5 TACTICS TO IMPROVE YOUR DECISION EFFECTIVENESS
Decisions, decisions, decisions. If you feel overwhelmed by the number of decisions you need to make on any given day, you’re not alone. According to a study by Cornell University, the average adult makes 35,000 decisions each day, including 226 on food alone! If you want to increase your productivity; to get more done with less effort, then increasing your decision effectiveness is essential. This could mean making better decisions, fewer decisions, or both. In this blog, I share my five favorite tactics to do just that.
1. Trade decisions for habits
For most of us, brushing our teeth is not a decision, it’s a habit. It stands to reason then, that the more decisions you can turn into habits, the more productive you will be. If you’re ever going to simplify your work wardrobe, now’s the time. Perhaps you can narrow down to two or three options for breakfast and lunch; we waste enormous amounts of time thinking about what to eat, only to end up eating the same things anyway. If you want to exercise first thing in the day, leave your shoes near the bed and step into them as soon as you wake up. That, way you don’t have to negotiate with yourself every morning.
What recurring decisions could you turn into habits right now?
2. Make one decision to eliminate 100 more
The father of modern management, Peter Drucker, once said; “Don’t make a hundred decisions when one will do.”
An executive I know used to sign off every international travel request in his business unit; some 250 separate decisions a year, simply because that was the policy he inherited from his predecessor. After discussing this tactic with him, he delegated authority for these decisions – within clear boundaries – to those managers actually undertaking the travel. In effect, he made one decision to eliminate 250 more. His decision actually led to a decrease in travel expenditure because managers felt more accountability, and he got back dozens of hours to spend on decisions much more deserving of his attention.
Think about the decisions that consume your time and attention for very little return; what one decision could you make right now to eliminate 100 more?
3. Engage in favorable risk-reward decisions
Lots of our productivity is lost by engaging in decisions that are high risk, but relatively low reward. Recently, I was speaking with an executive who was complaining about the dozens of hours she had wasted trying to mediate a conflict between two colleagues. Not only had she made no progress, but both colleagues were now upset with her! As we spoke about it, it became very obvious that she should never have gotten involved in the first place. Her colleagues were not really open to a shared solution or taking any kind of personal responsibility; they were trying to win a battle and she got caught in the crossfire. She agreed that, in retrospect, even a cursory assessment of risk-reward would have led her to a very different decision.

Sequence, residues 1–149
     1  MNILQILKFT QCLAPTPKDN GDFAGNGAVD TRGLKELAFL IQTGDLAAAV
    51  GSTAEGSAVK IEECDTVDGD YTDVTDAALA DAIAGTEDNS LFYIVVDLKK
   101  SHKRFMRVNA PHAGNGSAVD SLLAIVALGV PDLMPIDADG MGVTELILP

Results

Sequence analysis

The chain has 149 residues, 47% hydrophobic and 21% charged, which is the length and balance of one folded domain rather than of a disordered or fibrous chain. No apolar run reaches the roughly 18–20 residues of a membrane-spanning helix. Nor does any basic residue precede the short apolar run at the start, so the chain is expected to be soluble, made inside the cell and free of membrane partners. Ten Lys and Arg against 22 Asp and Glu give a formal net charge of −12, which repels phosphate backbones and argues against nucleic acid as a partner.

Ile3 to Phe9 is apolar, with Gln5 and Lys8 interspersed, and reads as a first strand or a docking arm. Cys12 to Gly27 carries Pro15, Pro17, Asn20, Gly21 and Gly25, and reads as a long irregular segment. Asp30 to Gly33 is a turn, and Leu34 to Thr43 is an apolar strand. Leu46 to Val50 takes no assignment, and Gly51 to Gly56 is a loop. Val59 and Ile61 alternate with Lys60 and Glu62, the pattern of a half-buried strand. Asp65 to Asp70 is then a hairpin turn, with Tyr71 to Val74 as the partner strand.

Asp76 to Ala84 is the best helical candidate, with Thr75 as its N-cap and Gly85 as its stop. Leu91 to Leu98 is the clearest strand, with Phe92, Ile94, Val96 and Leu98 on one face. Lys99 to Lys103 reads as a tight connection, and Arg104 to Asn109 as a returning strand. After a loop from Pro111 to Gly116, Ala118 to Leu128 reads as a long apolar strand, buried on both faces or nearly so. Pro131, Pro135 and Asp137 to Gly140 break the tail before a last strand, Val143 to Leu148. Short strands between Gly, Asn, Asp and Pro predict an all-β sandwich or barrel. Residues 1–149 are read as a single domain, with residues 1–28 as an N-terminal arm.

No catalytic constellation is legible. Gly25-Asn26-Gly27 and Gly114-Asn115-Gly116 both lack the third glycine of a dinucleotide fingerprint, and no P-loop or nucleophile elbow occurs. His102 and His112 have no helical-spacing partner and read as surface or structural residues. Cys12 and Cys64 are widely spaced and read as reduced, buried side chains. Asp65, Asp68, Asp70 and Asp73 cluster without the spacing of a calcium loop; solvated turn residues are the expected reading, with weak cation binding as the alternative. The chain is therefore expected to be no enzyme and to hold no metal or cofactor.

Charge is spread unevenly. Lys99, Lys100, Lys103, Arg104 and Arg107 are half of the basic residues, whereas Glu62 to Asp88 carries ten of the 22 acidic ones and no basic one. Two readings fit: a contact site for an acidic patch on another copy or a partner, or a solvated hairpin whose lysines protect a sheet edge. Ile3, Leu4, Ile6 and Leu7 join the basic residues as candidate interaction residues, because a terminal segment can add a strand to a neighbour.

How could you engage in more favorable risk-reward decisions?
4. Make reversible or low stakes decisions quickly
Many of us spend the same amount of time agonizing over reversible or low stakes decisions, as we do with decisions that are much more significant, particularly if we work in a culture with perfectionistic tendencies. Next time you’re faced with a decision, do a simple calculation in your head; can you turn the situation around quickly, without any lasting damage, if the decision proves to be suboptimal? If the answer is yes, get on with it and save the serious deliberations for decisions that have much higher stakes.
What low stakes decisions currently consume too much of your time?
5. Pay attention to your intuition
This last tactic may sound a little bit esoteric, but many leaders I’ve worked with find it a really useful complement to the more logical tactics above, as do I. Technically speaking, intuition is the ability to ‘know’ something without analytical reasoning. From a scientific point of view, what we call intuition likely happens through the brain’s hippocampus and through our digestive system; hence the term ‘gut feeling’. To apply this tactic, simply check in with your head and stomach as you deliberate over your next big decision. Ask yourself, “how do I feel about this course of action? Is it a good use of my time and energy?” Then pay attention to whether you’re getting any signals in your body; that may be your intuition talking.
To increase your productivity, you need to increase your decision effectiveness; either by making better or fewer decisions. I hope this blog will help you to do both.
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